As I was ringing up a Michael Palmer hardback the other day, my mind wandered onto the topic of "guilty pleasures". Of course, for some people, the entire genre of mystery is a "guilty pleasure", but as any devoted mystery fan knows, this is far from true. Some mysteries are challenging, thought provoking - in fact in almost any mystery there is usually something I find worthwhile, or something I can take away from the reading experience, Not always, but almost always. But then there is the other category, that of guilty pleasure, which I find to be the most idiosyncratic of all reading experiences.
I was recently reading Sarah Stewart Taylor's new blog (Gravestone Girl, check it out, we have a link to it here) and she claims that her sick bed reading is Oedipus. I can pretty safely say that she might be alone in that. If there are other readers out there who read Oedipus when they're sick, please chime in, I'd love to hear about it. HOWEVER for me a sick bed read would be a Michael Palmer book, my personal ultimate guilty pleasure.
Michael Palmer makes my guilty pleasure top of the chart because all his books have - comfortingly - exactly the same formula. However, it's such a terrifically page turning formula that I never mind reading it again in a different guise. Here's his basic plot: idealistic young (or not so young, maybe just damaged in some way) intern joins the staff of a new hospital/clinic where he/she is initially delighted to be, but then discovers that there's something wrong - very wrong! - about the status quo. Sadly, he/she is a lowly intern/new staff member & the status quo is controlled by the higher ups. Take my word for it, it's just about impossible to put down, and for the true Palmer-phile, there's a new one out, THE FIFITH VIAL. You can even re-read them, since, as I've stated before, they are all kind of the same.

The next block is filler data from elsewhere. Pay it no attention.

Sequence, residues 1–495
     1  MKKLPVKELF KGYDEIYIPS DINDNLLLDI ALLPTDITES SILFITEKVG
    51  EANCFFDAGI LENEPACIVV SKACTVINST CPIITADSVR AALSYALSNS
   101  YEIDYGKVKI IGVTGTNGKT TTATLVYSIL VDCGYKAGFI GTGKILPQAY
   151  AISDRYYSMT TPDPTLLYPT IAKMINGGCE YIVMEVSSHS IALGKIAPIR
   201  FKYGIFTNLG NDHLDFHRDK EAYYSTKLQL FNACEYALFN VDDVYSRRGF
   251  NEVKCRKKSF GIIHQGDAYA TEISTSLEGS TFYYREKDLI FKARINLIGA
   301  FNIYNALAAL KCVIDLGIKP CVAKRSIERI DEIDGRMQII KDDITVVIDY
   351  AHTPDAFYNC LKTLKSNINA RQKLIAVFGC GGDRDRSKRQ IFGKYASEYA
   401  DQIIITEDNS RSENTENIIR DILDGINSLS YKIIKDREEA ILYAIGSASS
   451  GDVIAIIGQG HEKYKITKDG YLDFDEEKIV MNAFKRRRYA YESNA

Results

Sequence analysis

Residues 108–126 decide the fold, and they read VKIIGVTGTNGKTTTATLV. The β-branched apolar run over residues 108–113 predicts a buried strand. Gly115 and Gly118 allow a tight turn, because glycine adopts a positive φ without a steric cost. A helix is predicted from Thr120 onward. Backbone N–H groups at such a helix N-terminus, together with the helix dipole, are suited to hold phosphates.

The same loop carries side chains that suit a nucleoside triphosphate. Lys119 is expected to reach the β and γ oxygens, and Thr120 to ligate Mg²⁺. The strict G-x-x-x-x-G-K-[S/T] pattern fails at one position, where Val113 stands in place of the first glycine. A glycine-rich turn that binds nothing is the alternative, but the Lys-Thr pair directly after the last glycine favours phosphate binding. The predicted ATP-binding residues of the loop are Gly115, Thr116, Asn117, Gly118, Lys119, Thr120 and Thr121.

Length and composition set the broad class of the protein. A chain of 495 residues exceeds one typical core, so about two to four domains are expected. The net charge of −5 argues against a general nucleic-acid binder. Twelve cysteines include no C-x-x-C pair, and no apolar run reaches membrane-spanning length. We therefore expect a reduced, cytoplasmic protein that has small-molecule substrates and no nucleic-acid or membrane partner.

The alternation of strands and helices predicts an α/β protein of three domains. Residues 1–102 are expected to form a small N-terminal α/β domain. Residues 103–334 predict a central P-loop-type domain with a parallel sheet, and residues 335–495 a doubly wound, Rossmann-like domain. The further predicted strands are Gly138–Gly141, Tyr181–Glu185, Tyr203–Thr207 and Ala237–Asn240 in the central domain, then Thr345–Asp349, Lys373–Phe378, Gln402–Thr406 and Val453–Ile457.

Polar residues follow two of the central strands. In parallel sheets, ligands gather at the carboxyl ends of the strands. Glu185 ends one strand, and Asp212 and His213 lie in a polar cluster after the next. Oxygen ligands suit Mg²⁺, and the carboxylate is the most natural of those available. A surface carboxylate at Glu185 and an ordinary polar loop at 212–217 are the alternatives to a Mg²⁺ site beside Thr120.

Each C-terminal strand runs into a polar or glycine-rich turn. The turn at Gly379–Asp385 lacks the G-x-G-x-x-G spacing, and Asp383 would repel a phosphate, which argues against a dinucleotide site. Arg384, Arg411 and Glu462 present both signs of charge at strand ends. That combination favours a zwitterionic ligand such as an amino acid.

But for every customer or reader, there's a different guilty pleasure. Diane Mott Davidson is another one I cop to a bit more freely - her books are all kind of the same, though her characters evolve, but the setting is familiar territory after however many books she's written now. We had a woman in recently who had gotten rid of all her books because she could only read John Lescroat. She feverishly pawed through the shelves and thankfully was able to find some new (to her) titles. My husband's guilty pleasure is any "trashy" true crime. I asked him if he excepted Ann Rule, and he said "even Ann Rule has her trashiness". His thirst is apparently to know all he can about society's dysfunctional underbelly.
And now, if you'll excuse me, I think I'll go into the store and see if there are any Michael Palmer titles I may have missed...